MonoSodium Glutamate (MSG) is one of the most hotly debated food additives in the history of the food industry. Originally developed in Japan and derived from seaweed, this compound gained notoriety in the states due to people getting sick after copious amounts of MSG were poured into foods at various restaurants, especially Chinese restaurants.
This led to a negative backlash for usage of the compound, with many places now claiming they are "MSG-free." However, a food scientist from my alma mater (and degree program), UC Davis, recently told Business Insider that he created a "super-salt" that utilizes MSG to get his kids to eat items like whole wheat pizza.
That got me thinking - with my own academic background concentrated in food science, how did I feel about MSG?
After analyzing and researching the compound, I've come to the decision that you really don't need to add MSG to create delicious food.
MSG is formed from the reaction between Sodium, one of the basic elements that forms table salt (sodium chloride), and Glutamic Acid, a common amino acid found freely in everything from tomatoes, fish, meats, soy sauce, and seaweed.
Basically, you're creating MSG naturally in your food every time you season it and cook it. Steaks, mushrooms, sundried tomatoes, and several other foods will already have this natural MSG inside of them.
MSG is actually the key compound responsible for one of the five basic tastes - umami. In fact, umami was a term created by the founders of Japanese flavor company Ajinomoto to describe the flavor of the MSG they invented. Any time that you experience that umami - or savory - taste sensation, that's monosodium glutamate providing the flavor.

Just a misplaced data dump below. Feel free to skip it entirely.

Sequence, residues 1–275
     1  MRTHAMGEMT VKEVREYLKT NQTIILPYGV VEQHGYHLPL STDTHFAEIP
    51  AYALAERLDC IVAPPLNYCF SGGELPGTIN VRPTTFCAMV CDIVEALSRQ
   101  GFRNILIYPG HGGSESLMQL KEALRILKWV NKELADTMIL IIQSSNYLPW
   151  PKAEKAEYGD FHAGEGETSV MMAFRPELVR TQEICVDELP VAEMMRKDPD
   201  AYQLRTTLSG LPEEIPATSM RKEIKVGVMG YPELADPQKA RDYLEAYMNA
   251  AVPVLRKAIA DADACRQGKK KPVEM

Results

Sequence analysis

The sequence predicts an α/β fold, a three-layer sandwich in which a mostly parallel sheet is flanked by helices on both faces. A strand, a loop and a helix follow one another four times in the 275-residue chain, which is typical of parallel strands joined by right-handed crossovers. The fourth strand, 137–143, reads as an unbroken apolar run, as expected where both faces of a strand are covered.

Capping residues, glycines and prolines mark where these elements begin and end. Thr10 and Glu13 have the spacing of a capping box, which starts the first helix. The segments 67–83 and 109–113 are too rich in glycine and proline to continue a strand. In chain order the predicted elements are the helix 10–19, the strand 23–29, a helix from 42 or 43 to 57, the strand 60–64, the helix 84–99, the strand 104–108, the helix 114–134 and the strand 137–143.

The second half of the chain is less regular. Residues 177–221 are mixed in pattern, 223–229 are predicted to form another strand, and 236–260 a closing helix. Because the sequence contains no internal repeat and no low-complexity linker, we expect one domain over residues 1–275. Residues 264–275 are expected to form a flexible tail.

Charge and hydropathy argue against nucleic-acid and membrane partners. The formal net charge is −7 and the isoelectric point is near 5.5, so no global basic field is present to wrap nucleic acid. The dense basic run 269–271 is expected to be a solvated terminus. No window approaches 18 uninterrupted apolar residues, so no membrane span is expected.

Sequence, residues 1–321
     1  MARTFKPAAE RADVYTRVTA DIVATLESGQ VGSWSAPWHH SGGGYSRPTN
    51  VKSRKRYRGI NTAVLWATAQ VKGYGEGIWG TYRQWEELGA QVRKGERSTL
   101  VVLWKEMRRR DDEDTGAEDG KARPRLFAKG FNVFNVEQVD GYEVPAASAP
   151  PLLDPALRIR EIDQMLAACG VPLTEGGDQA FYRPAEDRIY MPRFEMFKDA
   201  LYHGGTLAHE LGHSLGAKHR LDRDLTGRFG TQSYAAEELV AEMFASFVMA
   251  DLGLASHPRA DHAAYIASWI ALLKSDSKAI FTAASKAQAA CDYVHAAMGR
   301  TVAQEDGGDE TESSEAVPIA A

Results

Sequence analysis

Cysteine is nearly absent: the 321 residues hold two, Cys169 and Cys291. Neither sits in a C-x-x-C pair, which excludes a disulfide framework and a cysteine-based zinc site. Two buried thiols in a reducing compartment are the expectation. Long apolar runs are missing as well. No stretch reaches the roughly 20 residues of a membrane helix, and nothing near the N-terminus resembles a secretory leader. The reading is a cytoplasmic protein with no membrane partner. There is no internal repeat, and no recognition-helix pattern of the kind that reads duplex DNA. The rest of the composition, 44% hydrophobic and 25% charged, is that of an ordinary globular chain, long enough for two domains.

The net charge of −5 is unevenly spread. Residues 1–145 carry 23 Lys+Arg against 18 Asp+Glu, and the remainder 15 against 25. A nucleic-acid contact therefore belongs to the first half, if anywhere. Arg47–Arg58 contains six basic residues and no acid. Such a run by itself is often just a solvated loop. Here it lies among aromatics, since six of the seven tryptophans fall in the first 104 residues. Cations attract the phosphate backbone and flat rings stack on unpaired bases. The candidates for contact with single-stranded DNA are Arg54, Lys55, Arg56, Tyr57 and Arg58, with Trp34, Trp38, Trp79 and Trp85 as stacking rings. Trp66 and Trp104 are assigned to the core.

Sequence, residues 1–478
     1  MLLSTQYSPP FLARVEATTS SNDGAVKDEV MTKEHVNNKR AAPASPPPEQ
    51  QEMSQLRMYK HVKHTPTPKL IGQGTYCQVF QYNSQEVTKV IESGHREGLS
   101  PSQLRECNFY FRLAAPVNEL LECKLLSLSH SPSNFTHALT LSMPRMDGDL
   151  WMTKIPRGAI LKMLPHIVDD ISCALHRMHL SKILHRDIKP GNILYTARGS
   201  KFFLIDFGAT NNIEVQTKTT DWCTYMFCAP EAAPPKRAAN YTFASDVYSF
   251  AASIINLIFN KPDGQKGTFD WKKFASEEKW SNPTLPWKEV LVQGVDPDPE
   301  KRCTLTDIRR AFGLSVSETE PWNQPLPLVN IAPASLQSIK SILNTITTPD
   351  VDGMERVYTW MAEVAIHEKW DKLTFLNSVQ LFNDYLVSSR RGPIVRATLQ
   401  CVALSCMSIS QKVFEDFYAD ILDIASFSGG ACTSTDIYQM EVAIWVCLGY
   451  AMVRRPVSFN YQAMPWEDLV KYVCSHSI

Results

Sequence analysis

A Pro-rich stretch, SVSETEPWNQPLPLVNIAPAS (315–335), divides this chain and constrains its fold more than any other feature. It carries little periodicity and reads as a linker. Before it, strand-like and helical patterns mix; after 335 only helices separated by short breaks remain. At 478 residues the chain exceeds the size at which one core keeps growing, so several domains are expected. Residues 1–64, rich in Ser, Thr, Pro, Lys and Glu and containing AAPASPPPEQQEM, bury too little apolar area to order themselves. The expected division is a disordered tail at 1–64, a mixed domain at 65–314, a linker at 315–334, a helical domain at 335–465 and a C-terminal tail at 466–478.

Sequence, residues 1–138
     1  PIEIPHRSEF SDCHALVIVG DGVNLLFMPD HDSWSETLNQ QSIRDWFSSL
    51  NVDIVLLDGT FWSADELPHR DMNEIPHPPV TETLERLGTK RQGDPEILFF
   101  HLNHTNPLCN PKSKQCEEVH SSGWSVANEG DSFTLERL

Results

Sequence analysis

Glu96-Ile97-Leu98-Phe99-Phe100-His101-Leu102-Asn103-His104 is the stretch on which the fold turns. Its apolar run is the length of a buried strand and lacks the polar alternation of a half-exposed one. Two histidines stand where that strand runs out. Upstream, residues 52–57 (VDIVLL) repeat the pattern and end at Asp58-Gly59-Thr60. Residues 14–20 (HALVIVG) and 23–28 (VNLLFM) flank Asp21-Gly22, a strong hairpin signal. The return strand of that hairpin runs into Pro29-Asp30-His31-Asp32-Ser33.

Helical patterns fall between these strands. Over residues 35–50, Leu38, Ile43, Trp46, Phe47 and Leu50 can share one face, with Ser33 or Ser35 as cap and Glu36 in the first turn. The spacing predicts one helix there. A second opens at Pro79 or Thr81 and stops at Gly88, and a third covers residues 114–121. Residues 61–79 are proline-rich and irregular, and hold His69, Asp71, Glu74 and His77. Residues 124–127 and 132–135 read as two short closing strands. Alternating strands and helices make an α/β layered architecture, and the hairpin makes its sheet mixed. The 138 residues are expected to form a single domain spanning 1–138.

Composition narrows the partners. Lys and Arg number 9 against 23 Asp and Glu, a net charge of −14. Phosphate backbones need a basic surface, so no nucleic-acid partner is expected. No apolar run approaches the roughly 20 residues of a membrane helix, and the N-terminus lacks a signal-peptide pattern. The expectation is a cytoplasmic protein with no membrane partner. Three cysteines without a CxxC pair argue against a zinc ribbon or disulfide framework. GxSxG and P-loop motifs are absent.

MSG is perfectly safe in the natural levels found in foods. Studies have shown that eating seriously high levels of MSG (over 3 grams) on an empty stomach tends to cause discomforting symptoms like stomachaches. When restaurants dump the pure MSG crystals into food, customers complain about those symptoms and the whole backlash against MSG begins anew.
Other than those extremely concentrated circumstances, MSG is totally safe to consume.
However, it's not really necessary to add into food, because it's so easy to consume naturally once you cook food. You boost the salty and savory flavor profiles of foods just by adding salt because MSG is formed.
Because of that, I don't think you need to have a "super-salt" that adds MSG into your food at home. Just use salt and foods with natural glutamic acid in it instead. You'll get the same effect.